Friday, 5 April 2013

Full nesters

A few weeks ago, I spent too much time following the antics of an almost full-grown Australian magpie that was determined not to become independent. You're all familiar with the behaviour, if not in magpies, in other birds and, possibly, in mammals as well.

The youngster traipsed after its parents, begging constantly (even when food was being shoved down its gullet) and pecking listlessly at the ground to indicate that it was starving because there wasn't anything in the fridge on the lawn.

The last straw came when one of the parents decided to spend a peaceful moment in the sun. The adult bird lay down on the grass, spread its wings to catch the rays, closed its eyes...and then found itself being trodden on by the youngster who thought that sunbathing looked like a Good Idea and that mum/dad had bagged The Best Spot, so that was where it should be.

After that incident, the parents were decidedly more distant. Hopefully, the youngster has discovered the wonderful world of foraging and finding its own spot in which to loll about.

Unfortunately, I don't have any photos of the magpie, but here are pics of a young pied butcherbird (top) and pied currawong (bottom) hanging about in the garden. In both cases, the accompanying parent took advantage of the distraction to nip off while their youngsters were otherwise occupied. I hope they enjoyed their moment of solitude.


biobabbler said...

Now that you mention it, therein lies one of the many utilities of college: a place to go that's away from your parents, but that also understands you might need some guidance. Plus a big group of similarly situated youngsters so collectively you can figure it out. =) Hope the little guys figure it all out.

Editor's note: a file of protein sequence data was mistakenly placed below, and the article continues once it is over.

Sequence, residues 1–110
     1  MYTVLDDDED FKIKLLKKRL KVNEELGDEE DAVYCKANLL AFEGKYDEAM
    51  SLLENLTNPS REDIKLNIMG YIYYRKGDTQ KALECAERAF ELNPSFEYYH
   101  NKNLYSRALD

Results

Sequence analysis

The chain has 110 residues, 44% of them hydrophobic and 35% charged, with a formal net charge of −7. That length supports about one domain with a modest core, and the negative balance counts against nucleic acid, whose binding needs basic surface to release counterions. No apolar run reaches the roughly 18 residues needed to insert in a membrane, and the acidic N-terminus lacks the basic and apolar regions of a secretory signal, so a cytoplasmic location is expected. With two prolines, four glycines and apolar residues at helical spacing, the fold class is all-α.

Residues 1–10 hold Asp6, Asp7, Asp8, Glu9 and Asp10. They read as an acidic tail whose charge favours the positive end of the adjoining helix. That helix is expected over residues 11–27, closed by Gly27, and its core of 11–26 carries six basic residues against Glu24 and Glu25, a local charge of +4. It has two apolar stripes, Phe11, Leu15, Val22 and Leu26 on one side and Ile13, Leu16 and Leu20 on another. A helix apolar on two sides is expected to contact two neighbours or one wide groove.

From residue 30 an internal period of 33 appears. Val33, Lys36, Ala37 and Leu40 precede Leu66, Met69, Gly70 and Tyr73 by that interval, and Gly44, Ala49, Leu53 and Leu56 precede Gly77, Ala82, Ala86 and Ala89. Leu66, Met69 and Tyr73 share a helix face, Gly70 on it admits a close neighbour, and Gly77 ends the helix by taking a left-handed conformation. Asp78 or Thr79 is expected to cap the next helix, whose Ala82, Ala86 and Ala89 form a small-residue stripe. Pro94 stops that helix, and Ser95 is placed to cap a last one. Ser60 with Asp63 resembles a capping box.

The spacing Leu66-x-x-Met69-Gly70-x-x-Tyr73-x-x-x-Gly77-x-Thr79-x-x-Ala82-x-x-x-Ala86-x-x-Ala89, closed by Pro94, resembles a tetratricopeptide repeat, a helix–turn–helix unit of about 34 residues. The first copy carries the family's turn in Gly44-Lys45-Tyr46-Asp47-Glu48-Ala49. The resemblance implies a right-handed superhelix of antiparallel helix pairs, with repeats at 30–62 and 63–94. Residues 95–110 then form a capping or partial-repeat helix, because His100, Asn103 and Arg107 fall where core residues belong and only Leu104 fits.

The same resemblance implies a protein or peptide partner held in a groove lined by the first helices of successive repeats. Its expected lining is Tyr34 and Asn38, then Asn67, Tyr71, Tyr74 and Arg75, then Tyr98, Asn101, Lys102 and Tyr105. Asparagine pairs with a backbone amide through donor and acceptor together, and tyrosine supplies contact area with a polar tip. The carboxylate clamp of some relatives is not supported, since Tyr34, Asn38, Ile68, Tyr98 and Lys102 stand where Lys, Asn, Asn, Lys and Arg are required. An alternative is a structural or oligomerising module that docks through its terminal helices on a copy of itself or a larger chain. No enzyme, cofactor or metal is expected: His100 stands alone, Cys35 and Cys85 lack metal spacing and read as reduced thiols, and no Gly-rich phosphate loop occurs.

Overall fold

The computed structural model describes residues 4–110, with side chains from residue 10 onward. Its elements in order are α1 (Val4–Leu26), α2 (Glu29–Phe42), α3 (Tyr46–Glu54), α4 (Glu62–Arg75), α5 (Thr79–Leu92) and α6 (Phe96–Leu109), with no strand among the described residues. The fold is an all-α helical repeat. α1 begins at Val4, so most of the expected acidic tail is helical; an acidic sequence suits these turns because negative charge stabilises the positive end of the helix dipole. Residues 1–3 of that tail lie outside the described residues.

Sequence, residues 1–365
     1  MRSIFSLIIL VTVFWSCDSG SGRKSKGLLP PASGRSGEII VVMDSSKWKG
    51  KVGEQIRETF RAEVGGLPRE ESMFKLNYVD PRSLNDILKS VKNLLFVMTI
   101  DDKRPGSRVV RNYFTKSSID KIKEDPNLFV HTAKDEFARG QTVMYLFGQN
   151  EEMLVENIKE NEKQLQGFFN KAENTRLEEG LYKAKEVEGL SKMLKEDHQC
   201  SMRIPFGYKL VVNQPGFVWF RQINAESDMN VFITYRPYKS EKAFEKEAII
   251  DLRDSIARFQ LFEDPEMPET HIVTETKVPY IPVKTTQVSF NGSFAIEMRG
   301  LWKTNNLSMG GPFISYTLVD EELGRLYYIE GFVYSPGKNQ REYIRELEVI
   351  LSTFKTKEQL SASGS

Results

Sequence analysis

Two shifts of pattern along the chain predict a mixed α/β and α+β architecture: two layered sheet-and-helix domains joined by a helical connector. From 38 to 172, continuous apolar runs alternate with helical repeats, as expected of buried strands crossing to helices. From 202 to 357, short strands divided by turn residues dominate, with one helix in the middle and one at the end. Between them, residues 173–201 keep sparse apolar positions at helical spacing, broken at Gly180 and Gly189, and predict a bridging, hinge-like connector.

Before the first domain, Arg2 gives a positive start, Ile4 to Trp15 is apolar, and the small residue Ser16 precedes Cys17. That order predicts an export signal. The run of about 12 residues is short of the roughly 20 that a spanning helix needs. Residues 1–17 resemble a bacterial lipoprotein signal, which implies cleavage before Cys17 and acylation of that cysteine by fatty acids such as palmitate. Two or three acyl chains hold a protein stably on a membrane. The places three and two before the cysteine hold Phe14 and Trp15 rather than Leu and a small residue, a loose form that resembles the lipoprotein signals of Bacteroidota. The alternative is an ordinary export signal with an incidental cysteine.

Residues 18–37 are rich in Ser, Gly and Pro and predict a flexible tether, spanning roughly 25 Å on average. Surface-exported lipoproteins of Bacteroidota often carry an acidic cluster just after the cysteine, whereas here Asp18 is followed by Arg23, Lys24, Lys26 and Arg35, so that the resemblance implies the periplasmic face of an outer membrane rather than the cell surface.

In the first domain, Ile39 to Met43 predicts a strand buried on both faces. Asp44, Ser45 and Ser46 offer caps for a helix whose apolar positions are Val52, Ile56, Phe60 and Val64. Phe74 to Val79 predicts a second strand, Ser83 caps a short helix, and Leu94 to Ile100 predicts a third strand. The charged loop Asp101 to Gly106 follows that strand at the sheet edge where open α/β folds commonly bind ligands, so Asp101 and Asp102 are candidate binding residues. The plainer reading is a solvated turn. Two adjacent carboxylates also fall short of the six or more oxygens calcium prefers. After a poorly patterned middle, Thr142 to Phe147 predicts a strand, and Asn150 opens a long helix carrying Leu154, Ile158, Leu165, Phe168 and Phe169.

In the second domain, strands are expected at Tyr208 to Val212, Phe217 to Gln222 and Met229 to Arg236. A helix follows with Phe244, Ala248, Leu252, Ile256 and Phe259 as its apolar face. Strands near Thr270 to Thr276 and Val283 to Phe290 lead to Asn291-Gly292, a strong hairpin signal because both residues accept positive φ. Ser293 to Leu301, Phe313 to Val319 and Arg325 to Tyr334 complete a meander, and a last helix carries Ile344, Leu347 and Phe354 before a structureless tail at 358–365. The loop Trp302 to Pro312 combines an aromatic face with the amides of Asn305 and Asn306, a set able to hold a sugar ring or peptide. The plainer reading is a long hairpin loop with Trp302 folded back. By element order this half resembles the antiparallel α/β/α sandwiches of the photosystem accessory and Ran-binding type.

Snail said...

I'm sure they work it out eventually. There's no shortage of magpies, pied butcherbirds and especially pied currawongs here. And probably no shortage of people that feed them too! (Not me.)

All three species have the most glorious calls. :)

Stiletto said...

What? Spoilt brats among the feathered critters? Oh those poor things, I would love to mollycoddle them :)Beautiful photographs.

Snail said...

Thanks! They really are terrible whingers. Both magpie and butcherbird chicks will beg for food from other birds, as well as people. I noticed a mynah looking quite apprehensive as the young butcherbird headed towards it. :)

The currawongs are more cautious, despite being the biggest of the lot!

Anonymous said...

Here in north Tas I have a similar case with a family of Tasmanian masked owls (Tyto novaehollandiae castanops). Every night they hang around my rural garden and screech at each for hours. I've seen one bird flying to another, presumably with food - but mostly they just perch and scream. After a couple of months of this I'm hoping the young will soon grow up!

Snail said...

:) It seems as though they'll never go, doesn't it. Imagine how the parents must feel!

I'm always torn between the joy of having wildlife raising families so close to us and the hope for a bit of peace and quiet.

Motivational Speaker said...

I love Maggies but there is nothing more terrifying (no not even snakes and redbacks) in the Aussie fauna than a Magpie swooping you.